Given this level of sympathy for Breivik’s actions, the obvious question is whether a single “lone wolf” attack from a far-right fanaticist is possible on British shores. The heightening anti-Muslim sentiment, paired with the growth of a number of factions seemingly willing to perpetrate acts of violence, mean it is alarmingly difficult to rule out.
“Although we haven’t seen any major terrorist attacks from the far-right yet, part of the thing about social media is that it enables them to encourage and communicate with each other – to engineer things to happen,” says Matthew Collins, a researcher for Hope Not Hate, a campaign group that monitors far-right extremism. “Some of these groups – they’re little more than racist drug gangs. And that’s exactly what makes them so dangerous.” ---
Far-right groups: who's who
The British National Party: The BNP was formed as a political party in 1982 as a splinter group from the neo-Nazi National Front. It takes a stanchly anti-immigration position and would only allow "indigenous British” people to join as members until 2010, when it lost a legal challenge made by the Equalities and Human Rights Commission.
The English Defence League: The EDL is a right-wing street protest movement that was founded in 2009 to oppose Islamic extremism. The group considers itself a “human rights organisation” but has often been associated with racist attacks, Islamophobia and vandalism.
British Freedom Party: Founded in late 2011, the BFP is a nationalist rival to the BNP. The BFP has a loose partnership with the EDL, allowing EDL members to stand as BFP candidates in elections. The BFP says it is against “leftist inspired cultural revolutionaries” who it says have gained control of Britain by spreading “subliminal” propaganda to “socially engineer the population.”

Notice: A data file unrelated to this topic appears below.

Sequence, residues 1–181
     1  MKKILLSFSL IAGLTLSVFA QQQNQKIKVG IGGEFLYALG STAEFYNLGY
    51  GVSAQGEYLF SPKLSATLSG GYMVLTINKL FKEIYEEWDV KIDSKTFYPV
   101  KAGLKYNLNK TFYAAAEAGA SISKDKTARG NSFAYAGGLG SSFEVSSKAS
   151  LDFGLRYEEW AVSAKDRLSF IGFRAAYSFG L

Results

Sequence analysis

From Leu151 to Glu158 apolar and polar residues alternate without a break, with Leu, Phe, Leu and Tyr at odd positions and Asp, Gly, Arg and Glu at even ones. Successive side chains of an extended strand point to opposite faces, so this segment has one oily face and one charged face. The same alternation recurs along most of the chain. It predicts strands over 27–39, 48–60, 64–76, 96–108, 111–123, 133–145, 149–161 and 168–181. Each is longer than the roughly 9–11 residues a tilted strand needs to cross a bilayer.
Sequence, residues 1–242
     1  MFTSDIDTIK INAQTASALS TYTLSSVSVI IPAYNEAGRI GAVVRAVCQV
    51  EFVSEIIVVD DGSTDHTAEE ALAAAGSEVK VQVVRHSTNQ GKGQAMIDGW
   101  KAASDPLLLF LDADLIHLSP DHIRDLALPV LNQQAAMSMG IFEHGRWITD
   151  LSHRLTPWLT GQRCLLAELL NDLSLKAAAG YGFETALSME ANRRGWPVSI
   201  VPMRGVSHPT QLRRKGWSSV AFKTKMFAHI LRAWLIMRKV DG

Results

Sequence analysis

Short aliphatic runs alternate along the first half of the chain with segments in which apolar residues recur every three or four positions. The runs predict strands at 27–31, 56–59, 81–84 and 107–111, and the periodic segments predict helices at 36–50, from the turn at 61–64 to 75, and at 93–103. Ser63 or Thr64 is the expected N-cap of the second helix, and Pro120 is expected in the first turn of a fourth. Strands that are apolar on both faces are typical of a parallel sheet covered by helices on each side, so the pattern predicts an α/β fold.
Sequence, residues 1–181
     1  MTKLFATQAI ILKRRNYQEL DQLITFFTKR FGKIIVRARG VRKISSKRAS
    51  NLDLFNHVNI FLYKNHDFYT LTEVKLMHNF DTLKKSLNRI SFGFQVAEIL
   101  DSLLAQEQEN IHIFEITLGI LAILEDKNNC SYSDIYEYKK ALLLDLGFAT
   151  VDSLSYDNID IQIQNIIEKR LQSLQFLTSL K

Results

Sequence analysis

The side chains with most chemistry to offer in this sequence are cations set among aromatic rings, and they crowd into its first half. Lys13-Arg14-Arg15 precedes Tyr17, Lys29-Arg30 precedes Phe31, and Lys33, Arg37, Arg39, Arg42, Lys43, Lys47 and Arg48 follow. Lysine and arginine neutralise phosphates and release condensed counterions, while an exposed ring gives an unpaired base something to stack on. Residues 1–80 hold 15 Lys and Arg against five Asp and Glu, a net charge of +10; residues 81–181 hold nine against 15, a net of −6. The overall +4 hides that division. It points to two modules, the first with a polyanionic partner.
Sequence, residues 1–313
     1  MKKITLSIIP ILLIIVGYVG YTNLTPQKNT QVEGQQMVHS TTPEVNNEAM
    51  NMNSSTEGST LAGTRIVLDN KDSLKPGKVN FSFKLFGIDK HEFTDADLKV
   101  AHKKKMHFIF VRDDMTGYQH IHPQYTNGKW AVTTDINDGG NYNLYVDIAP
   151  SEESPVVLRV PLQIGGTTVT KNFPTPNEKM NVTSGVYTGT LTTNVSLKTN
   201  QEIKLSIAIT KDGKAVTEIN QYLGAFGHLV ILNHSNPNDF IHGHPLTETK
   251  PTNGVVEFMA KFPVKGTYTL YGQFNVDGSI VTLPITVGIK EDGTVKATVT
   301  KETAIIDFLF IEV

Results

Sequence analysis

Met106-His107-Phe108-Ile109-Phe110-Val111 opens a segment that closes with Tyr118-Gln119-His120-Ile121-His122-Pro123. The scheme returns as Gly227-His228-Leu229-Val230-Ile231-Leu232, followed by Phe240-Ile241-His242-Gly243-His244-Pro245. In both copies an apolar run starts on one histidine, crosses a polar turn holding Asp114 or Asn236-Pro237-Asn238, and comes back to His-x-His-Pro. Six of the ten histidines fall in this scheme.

The Infidels: Located in small clusters across England, the Infidels is a group of extreme right-wing neo-Nazis which describes itself as “white nationalist.” The group was formed some time in 2010, with its members disenchanted by other right-wing groups such as the EDL. The Infidels advocate acts of violence and they use their Facebook page to issue threats, often against Asians and anti-fascist campaigners.
The Combined Ex Forces: Based in the North West, the Combined Ex Forces (CxF) is a small far-right group that includes some former British Army soldiers. A leading member was pictured wearing a swastika t-shirt earlier this year, and in late September another CxF member was raided by police after the group had discussed taking guns to a multicultural event in Manchester.
Other British far-right groups or collectives include: Racial Volunteer Force, the Aryan Strike Force, Blood and Honour, Combat 18 and the National Front.
In crisis-hit Greece, a political party that uses Nazi-style symbols, Golden Dawn, is now the third most popular in the country, according to two polls carried out last month. Golden Dawn has attracted the support of impoverished Greeks by handing out food supplies and offering protection to people in areas where there are high levels of crime. A number of the party’s MPs have reportedly been charged with attacking migrants, and its spokesman made international headlines in June after assaulting a leftwing opponent on live television. Golden Dawn describes immigrants as “filth” and wants to install mines around Greece's borders to prevent any from getting in.
Dr Paul Jackson, a radicalism expert at the University of Northampton, said political parties similar to Golden Dawn may grow in other European countries. “There is a culture across Europe of far-right views on the rise and the economic situation will impact on those,” he said. “Golden Dawn is a cautionary tale I think for the rest of Europe.”
Simon Darby, spokesman for the British National Party, told me he could identify with what Golden Dawn was trying to achieve. “Maybe if I was Greek, I’d be in Golden Dawn,” Darby said. “Certainly what’s been allowed to happen in Greece is the real crime, it isn’t people like Golden Dawn, who’re trying to do the best for their own people, albeit in some ways a little bit crudely.”
This article first appeared in the Big Issue magazine (north edition, no.948).